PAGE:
Tips for Avoiding a Match Violation in Connection with a Match Waiver

Posted March 4th, 2022 by .

Categories: ECFMG, Healthcare Litigation, Medical Licensing, NBME, NRMP, USMLE.

The Rank Order List Certification deadline has now passed, and, with it, the time to have withdrawn from the Match. Countless fourth year medical students and medical school graduates eagerly await to learn their fate.  Those who do not Match would be well served to quickly overcome their disappointment and immediately familiarize themselves with the rules for SOAP, Round 1, which begins at 9:00 am EDT on March 17, 2022.  Failing to obtain an offer through SOAP, while disappointing, does not close the door on obtaining a training position with a July 1, 2022 start date, as every year, once-filled positions become available. Previously filled PGY-1 training positions become available for a wide variety of reasons, including:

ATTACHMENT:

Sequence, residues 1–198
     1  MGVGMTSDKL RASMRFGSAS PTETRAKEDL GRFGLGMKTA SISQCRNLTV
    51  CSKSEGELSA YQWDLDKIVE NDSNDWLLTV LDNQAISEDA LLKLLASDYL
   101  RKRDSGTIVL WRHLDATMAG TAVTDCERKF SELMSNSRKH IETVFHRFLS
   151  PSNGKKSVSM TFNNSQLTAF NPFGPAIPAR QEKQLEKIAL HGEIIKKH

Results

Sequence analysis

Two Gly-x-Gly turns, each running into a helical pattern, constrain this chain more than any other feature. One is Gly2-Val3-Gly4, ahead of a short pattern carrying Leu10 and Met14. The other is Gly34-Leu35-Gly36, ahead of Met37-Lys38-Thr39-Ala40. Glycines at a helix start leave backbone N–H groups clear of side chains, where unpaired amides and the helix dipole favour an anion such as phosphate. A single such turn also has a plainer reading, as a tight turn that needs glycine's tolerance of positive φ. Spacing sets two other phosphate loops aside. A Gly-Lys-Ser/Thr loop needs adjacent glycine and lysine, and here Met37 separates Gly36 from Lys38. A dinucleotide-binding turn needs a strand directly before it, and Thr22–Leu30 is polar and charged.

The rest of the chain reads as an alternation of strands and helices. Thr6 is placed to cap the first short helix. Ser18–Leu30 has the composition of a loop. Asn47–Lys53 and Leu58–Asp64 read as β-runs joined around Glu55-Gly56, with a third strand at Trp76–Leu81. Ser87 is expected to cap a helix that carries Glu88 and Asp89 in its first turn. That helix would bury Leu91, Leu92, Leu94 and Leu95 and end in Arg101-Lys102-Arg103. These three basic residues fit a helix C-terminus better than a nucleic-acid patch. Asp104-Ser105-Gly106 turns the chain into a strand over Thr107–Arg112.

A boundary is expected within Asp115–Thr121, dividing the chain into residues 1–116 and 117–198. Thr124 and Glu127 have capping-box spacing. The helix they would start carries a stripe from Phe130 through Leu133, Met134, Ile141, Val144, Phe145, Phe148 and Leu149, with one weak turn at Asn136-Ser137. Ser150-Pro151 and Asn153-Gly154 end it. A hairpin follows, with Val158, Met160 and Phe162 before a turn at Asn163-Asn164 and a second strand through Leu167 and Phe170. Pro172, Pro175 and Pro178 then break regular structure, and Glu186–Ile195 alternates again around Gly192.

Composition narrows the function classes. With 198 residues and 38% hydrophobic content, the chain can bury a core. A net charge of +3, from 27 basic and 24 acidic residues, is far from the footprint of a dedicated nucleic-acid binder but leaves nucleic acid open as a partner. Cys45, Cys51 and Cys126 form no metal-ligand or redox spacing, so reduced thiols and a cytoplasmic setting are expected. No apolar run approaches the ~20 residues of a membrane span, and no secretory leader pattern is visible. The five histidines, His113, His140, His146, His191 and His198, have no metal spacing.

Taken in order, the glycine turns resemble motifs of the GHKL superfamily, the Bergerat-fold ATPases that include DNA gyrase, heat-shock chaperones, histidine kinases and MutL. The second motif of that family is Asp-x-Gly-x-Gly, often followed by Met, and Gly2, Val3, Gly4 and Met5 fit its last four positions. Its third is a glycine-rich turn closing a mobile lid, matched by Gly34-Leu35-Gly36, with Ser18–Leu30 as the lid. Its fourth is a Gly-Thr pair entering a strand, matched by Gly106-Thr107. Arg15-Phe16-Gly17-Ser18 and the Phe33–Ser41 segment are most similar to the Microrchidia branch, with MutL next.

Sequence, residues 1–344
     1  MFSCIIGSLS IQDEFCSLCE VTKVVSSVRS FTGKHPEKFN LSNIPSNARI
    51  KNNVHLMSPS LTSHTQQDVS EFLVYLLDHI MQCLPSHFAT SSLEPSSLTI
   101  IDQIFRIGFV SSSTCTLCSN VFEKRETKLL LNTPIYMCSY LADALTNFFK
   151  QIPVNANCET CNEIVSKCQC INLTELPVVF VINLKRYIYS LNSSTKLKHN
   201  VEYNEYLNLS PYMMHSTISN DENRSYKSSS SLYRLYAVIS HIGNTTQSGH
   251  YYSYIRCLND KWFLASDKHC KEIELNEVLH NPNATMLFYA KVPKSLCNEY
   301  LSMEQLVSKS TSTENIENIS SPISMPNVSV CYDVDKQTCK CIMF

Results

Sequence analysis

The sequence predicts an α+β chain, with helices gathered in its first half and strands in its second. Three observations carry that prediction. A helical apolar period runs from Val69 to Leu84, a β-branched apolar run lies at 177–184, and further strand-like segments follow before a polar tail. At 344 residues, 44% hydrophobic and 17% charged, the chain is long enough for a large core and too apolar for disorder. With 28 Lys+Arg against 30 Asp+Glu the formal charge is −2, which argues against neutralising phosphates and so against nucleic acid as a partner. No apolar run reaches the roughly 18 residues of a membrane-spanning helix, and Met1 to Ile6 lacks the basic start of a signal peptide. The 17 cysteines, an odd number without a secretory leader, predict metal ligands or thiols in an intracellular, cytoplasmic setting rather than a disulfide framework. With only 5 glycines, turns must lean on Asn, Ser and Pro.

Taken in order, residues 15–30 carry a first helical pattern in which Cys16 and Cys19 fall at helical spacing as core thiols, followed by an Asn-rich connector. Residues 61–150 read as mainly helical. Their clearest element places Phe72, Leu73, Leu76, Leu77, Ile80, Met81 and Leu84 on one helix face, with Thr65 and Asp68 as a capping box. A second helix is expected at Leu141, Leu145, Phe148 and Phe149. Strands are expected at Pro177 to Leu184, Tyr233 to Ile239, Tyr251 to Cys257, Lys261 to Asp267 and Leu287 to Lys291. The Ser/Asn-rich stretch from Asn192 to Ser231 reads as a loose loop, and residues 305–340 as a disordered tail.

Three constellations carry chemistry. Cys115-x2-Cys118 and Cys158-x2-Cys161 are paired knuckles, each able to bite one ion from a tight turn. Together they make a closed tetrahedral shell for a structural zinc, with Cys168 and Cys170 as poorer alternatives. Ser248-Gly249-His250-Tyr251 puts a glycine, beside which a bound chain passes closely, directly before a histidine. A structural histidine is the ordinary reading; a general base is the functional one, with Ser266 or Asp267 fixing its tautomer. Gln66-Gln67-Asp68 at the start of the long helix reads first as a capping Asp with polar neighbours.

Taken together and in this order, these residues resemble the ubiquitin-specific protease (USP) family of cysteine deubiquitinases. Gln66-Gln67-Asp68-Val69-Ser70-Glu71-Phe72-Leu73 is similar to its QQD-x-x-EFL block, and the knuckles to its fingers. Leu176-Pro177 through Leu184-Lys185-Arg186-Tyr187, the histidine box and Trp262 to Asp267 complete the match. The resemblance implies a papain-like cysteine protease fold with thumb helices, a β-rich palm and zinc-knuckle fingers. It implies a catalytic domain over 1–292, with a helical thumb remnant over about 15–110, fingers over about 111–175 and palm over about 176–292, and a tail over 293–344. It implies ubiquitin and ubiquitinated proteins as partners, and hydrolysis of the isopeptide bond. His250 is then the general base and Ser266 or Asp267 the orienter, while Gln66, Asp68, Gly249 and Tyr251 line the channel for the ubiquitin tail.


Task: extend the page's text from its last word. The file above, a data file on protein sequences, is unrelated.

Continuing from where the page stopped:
• Failed criminal background check during onboarding
  • Failed drug test during onboarding
  • Ineligibility due to immigrations status/work authorization status change
  • Inability to obtain training license/permit from state medical board
  • Any other change in circumstances prior to the commencement of the training program.

If you are fortunate enough to Match, but find yourself in a situation where, for whatever reason, you are unable to fulfill your binding Match Commitment, the NRMP will, in narrow circumstances, excuse you (or the program) from the commitment.  The exclusive method by which to obtain release from the binding Match Commitment is by way of making a Waiver Request.  The NRMP Waiver Policy, which was modified in September 2021, sets forth and identifies the criteria for obtaining a waiver.  A waiver will be granted by NRMP if:

      1. The applicant is confirmed to be ineligible to begin training in the matched
        position(s) by the start date;
      2. The NRMP determines that the fulfillment of the commitment would cause
        unanticipated, serious, and extreme hardship; or
      3. The applicant has accepted an advanced position or a fellowship position and
        has elected to change specialties, subspecialties, or leave medicine and has
        requested a waiver no later than January 15 before the start of the training